More than one billion ages 12 to 35 risk irreversible hearing loss from exposure to loud sounds such as music played on their smartphone, UN health experts said today (12 Feb) as they unveiled new guidelines to make it safer to do so.
The recommendations to prevent deafness and related conditions such as tinnitus, commonly experienced as a ringing sound in your ears, include functions on personal audio devices that monitor how loud and for how long people listen to music.
“Over a billion young people are at risk of hearing loss simply by doing what they really enjoy doing a lot, which is listening regularly to music through their headphones over their devices,” said Dr Shelly Chadha, Technical Officer, Prevention of Deafness and Hearing Loss at the World Health Organization (WHO).
She added, “At the moment, we don’t really have anything solid other than our instinct to tell us: are we doing this right or is this something that is going to lead to tinnitus and hearing loss a few years down the line.”
The joint World Health Organization (WHO) and International Telecommunications Union (ITU) initiative is an attempt to tackle the lack of awareness about what constitutes too much noise, amid data showing that one in two young people listen to unsafe levels of sound through personal audio devices including smartphones, whose use continues to grow globally.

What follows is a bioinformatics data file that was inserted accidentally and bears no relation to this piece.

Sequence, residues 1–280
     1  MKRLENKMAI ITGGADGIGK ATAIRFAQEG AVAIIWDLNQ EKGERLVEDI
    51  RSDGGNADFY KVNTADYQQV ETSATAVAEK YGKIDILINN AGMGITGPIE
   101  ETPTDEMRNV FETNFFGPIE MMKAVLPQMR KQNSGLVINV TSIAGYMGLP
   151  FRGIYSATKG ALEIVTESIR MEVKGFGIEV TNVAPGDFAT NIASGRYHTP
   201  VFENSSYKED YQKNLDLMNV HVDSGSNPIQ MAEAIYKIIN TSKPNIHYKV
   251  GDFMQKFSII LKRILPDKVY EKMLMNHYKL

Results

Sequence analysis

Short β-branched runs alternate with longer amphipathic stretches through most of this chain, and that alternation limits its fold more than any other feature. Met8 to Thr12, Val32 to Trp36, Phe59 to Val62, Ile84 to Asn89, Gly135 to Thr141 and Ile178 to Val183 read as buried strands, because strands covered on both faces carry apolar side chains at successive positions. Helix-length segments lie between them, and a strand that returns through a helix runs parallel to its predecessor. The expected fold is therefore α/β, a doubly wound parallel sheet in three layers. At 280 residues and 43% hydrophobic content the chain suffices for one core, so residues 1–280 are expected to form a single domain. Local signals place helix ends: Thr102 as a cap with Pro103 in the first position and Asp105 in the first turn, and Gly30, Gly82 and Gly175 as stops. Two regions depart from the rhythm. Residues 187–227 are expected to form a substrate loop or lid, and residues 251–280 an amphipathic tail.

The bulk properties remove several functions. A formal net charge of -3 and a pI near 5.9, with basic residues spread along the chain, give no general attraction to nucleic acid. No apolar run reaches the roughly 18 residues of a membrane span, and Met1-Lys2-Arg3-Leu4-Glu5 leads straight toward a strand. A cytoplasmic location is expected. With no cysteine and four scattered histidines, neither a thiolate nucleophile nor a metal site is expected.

Today, hearing loss which is not addressed is estimated to cost the global economy 750 million USD according to WHO.
“Think of it like driving on a highway but without a speedometer in your car or a speed limit,” Dr Chadha explained. “And what we have proposed is that your smartphone comes fitted with a speedometer, with a measurement system that tells you how much sound you’re getting and tells you if you’re going over the limit.”
A parental volume control option is also included in the UN recommendations to industry, which participated in two years of discussions, along with experts from government, consumer bodies and civil society.
The guidelines also propose using technology to generate individualized listener profiles by monitoring how much people use their audio devices, then letting them know how safely – or not – they have been listening.
“What we propose are certain features like automatic limiting of, or automatic volume reduction and parental control of the volume,” explained Dr Chadha, “So that when somebody goes over their sound limit they have the option that the device will automatically reduce the volume to a level which is not going to harm their ears.”
According to the WHO, more than one in 20 people has disabling hearing loss which impacts on their quality of life amounting to 432 million adults and 34 million children.
Most sufferers live in poor and middle-income countries, the UN agency noted, adding that by 2050, more than 900 billion people will have significantly impaired hearing.
WHO said around half of all cases of hearing loss could be prevented through public health measures. Its recommendations coming ahead of World Hearing Day on Sunday 3 March.